House Democrats eked out an agreement Friday night that allowed them to approve a Senate-passed $1.2 trillion infrastructure bill after a day and night of infighting that nearly sank President Biden’s agenda.
The measure was approved 228-206 vote with 13 Republicans joining Democrats, sending it to Biden’s desk 87 days after it cleared the Senate in August.
The vote took place more than 15 hours after the House convened Friday morning and followed a day of frantic intra-party negotiations among Democrats, with Biden himself calling far-left members of his party in an effort to convince them to allow the infrastructure bill to be brought to the chamber floor.
Four New York GOPers voted in favor of the infrastructure plan: Rep. John Katko, Rep. Tom Reed, Rep. Nicole Malliotakis and Rep. Andrew Garbarino.
Malliotakis, whose district includes Staten Island and parts of Brooklyn, defended her vote by saying that the bill would “improve the safety and prosperity of communities across America and make the necessary improvements to bring our infrastructure into the 21st century.”
“For far too long, our local, state, and federal leaders have neglected to modernize New York City’s aging infrastructure to keep pace with economic and population growth,” she said. “The funding stream we are providing today will be used by states and cities to modernize roads, highways, bridges, sewer systems, and flood resiliency projects, including right here on Staten Island and in Southern Brooklyn.”
The other Republicans to back the bill were: Don Bacon of Nebraska, Brian Fitzpatrick of Pennsylvania, Anthony Gonzalez of Ohio, Adam Kinzinger of Illinois, David McKinley of West Virginia, Don Young of Alaska, Fred Upton of Michigan, Jeff Van Drew of New Jersey and Chris Smith of New Jersey.
New York City Reps. Alexandria Ocasio-Cortez and Jamaal Bowman were among the six Democrats to buck party leadership. They were joined by AOC’s fellow “Squad” members Ilhan Omar of Minnesota, Rashida Tlaib of Michigan, Ayanna Pressley of Massachusetts, and Cori Bush of Missouri.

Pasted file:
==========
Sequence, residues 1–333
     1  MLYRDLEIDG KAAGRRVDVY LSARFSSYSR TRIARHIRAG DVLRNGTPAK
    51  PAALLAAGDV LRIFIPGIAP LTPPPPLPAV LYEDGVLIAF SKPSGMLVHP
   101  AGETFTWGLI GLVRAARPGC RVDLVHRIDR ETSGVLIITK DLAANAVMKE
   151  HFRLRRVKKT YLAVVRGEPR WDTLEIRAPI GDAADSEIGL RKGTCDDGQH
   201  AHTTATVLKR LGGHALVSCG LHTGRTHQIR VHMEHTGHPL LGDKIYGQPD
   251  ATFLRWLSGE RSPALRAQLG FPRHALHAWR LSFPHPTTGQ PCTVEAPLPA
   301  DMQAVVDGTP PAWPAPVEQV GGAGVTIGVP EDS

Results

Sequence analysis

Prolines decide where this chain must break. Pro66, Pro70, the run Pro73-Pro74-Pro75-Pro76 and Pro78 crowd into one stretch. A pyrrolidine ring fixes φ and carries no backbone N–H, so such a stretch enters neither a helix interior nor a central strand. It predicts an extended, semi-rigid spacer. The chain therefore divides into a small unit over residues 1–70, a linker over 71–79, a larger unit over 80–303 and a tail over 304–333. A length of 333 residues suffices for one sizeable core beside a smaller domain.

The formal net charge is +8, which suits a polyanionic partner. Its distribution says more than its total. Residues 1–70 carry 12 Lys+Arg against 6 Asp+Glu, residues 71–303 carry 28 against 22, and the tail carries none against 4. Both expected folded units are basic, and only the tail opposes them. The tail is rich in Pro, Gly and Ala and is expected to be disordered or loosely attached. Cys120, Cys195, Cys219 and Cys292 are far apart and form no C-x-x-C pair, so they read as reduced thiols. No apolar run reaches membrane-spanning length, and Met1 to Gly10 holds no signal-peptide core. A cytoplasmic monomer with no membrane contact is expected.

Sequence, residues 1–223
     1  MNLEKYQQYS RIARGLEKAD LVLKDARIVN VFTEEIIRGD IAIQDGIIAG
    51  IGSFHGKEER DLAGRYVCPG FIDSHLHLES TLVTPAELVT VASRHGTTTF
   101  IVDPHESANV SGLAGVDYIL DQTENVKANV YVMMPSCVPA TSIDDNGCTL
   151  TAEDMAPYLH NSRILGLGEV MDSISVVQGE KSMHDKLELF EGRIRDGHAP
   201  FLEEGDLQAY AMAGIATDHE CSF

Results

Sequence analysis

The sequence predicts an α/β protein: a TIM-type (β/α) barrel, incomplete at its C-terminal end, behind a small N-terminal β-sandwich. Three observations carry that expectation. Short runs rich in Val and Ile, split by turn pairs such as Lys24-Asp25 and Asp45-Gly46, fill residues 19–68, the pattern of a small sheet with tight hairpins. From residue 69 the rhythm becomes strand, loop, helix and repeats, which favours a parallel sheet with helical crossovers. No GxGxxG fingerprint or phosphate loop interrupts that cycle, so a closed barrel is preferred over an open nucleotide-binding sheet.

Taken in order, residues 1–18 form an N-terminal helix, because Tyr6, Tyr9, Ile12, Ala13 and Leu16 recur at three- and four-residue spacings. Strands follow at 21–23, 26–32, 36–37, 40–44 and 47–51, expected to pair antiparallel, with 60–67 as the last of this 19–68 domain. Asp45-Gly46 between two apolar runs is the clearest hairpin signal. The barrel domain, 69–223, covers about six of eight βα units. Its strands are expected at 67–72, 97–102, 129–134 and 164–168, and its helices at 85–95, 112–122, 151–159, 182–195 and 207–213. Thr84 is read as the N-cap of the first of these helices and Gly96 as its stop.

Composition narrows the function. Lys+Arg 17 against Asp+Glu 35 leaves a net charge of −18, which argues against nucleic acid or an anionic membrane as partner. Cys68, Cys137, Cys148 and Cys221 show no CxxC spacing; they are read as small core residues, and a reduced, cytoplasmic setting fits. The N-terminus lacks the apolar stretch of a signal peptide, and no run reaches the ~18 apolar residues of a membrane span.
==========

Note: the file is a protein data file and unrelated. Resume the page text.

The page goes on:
“Tonight, we took a monumental step forward as a nation,” Biden said in a statement responding to the bill’s passage early Saturday. “Generations from now, people will look back and know this is when America won the economic competition for the 21st Century.”
The president was expected to give remarks on the legislation at the White House Saturday morning before traveling to his home in Delaware.
“Well, the whole day was a clusterf—, right?” Rep. Mark Pocan (D-Wis.) told reporters at one point.
Members of the 95-strong Congressional Progressive Caucus had vowed they would vote against the bipartisan bill unless a $1.75 trillion social spending plan, known as the Build Back Better Act, was passed at the same time. Five moderate House Democrats who supported the infrastructure plan, however, balked at the size of the social spending bill and demanded the Congressional Budget Office examine its effect on the federal deficit.
Progressive leaders grudgingly backed down Friday night in exchange for written assurances that moderates would back the Build Back Better bill down the line — if the CBO determines it does not increase the federal budget deficit.
One progressive, Rep. Jared Huffman (D-Calif.), claimed his moderate colleagues had “moved the goalposts.”
“There’s just tremendous desire to get this done, to a person, certainly within our Progressive Caucus,” he told reporters. “I want to get this done, the president wants to get this. We want to put some points on the board. We thought we were on track to do it, and now we’re trying to adjust, frankly, to some curveballs that were thrown earlier in the day.”
Progressive Caucus members huddled for hours Friday evening to discuss the best path forward, with Biden imploring members by phone to vote in favor of the infrastructure measure.
The five Democratic centrists — Josh Gottheimer of New Jersey, Kathleen Rice of New York, Stephanie Murphy of Florida, Kurt Schrader of Oregon and Ed Case of Hawaii — issued a statement attempting to reassure progressives they are committed to passing the reconciliation legislation later this month.